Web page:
Algae has excited scientists and environmentalists for years with the oil production potential it presents. Current estimates for the oil yield of algae are around 10,000 gallons per acre (Oilgae 2008). This potential compares quite favorably to other plant-oil crops including soybean (48 gallons per acre), safflower (83 gallons per acre), sunflower (102 gallons per acre), rapeseed (127 gallons per acre), castor bean (151 gallons per acre), coconut (287 gallons per acre), and oil palm (636 gallons per acre) (Addison 2008). This high production potential, if achieved, could drastically reduce acreage demands to produce biofuels and increase biofuels’ ability to meet demand. “If we were to replace all of the diesel that we use in the United States with an algae derivative,” says Solix Biofuels CEO Douglas Henston, "we could do it on an area of land that’s about one-half of one percent of the current farm land that we use now" (Haag 2007).

.....The positives of algae as a feedstock are clear: potential yields are high; it grows rapidly; it grows in salt water, freshwater, contaminated water, on land not suitable for food production, and at sea or in ponds, leaving land open for food production; and it grows better when fed extra carbon dioxide and organic material like sewage, providing the opportunity to clean up other problems during its production. Obviously research and development are still needed to increase the cost-effectiveness of algae biofuels for large-scale production. _ MinnesotaProjectPDF
Cellulosic ethanol from grasses and trees is not far off. But unless auto makers modify engines to run on high concentrations of ethanol, we will soon build up a glut of the product. The Russian beverage market may be a solution, but the population of the bear is shrinking, so another cure must be found.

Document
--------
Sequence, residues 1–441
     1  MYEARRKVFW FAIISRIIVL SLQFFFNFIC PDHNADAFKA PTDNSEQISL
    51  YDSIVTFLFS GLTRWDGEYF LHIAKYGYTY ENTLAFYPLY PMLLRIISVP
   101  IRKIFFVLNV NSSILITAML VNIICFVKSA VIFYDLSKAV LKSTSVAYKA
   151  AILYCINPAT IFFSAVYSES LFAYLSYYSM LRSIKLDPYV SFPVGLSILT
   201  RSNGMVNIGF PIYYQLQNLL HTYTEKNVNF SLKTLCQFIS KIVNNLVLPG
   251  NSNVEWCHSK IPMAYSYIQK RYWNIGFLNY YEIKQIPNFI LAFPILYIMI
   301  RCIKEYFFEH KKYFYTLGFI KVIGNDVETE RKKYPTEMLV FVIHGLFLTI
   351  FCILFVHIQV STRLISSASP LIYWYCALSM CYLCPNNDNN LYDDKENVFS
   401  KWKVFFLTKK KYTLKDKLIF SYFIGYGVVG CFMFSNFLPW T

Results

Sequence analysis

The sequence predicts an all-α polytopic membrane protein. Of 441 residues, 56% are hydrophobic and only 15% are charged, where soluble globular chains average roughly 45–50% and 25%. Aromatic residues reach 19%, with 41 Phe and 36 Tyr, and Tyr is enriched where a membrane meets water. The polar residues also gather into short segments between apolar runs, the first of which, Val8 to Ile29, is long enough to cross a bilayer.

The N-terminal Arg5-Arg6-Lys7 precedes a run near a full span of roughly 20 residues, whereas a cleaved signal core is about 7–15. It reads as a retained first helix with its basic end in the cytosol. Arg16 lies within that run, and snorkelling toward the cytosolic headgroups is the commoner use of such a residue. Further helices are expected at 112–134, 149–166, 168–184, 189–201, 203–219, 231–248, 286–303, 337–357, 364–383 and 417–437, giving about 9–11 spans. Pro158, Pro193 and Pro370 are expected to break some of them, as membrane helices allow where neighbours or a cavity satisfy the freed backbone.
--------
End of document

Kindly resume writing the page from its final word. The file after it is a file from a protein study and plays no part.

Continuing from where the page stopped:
Ethanol can be converted to hydrocarbons and other high value chemicals, so the problem may not turn out to be such a problem after all.

Most of the objections to biofuels apply mainly to 1st generation fuels whose production processes are already obsolete. The future of biofuels is much brighter than the primitivists and doomsayers project.


Wednesday, August 26, 2009

Is Peak Oil So Stupid It's Not Even Wrong?

[An] argument — that the “easy oil” is gone and that extraction can only become more difficult and cost-ineffective — should be recognized as vague and irrelevant. Drillers in Persia a century ago certainly didn’t consider their work easy, and the mechanized, computerized industry of today is a far sight from 19th-century mule-drawn rigs. Hundreds of fields that produce “easy oil” today were once thought technologically unreachable. _NYT
As the author of the above NYT OpEd points out, peak oil doomists have too much at stake to look at both sides of the production and reserves equation. For peak oil fanatics, every jump in the price of oil is further proof that "the peak has passed!". "Over half the oil has already been pumped, all the easy oil is gone, and prices can only go up!", they keep saying time and again -- only to be proved wrong time and again.

Once an idea has infiltrated deeply enough into a human's thoughtways, it cannot be easily exfiltrated. But if the brain is alive and open to the outside world and its reality, it can happen. Just like oil wells that were once considered exhausted are now frequently found to produce as much or more using improved technologies as they produced originally. This will continue to be the case for most of this century.
Easy oil is probably running out because it was the first to be discovered and burned. But it wasn’t so “easy” when it was discovered. By the same token, the difficult oil of today will be tomorrow’s easy oil, thanks to the learning curve of technology expertise. Overall, “difficult oil” exploitation will be the survival and even prosperity key for many Western oil companies in a world that will be increasingly dominated by national oil companies.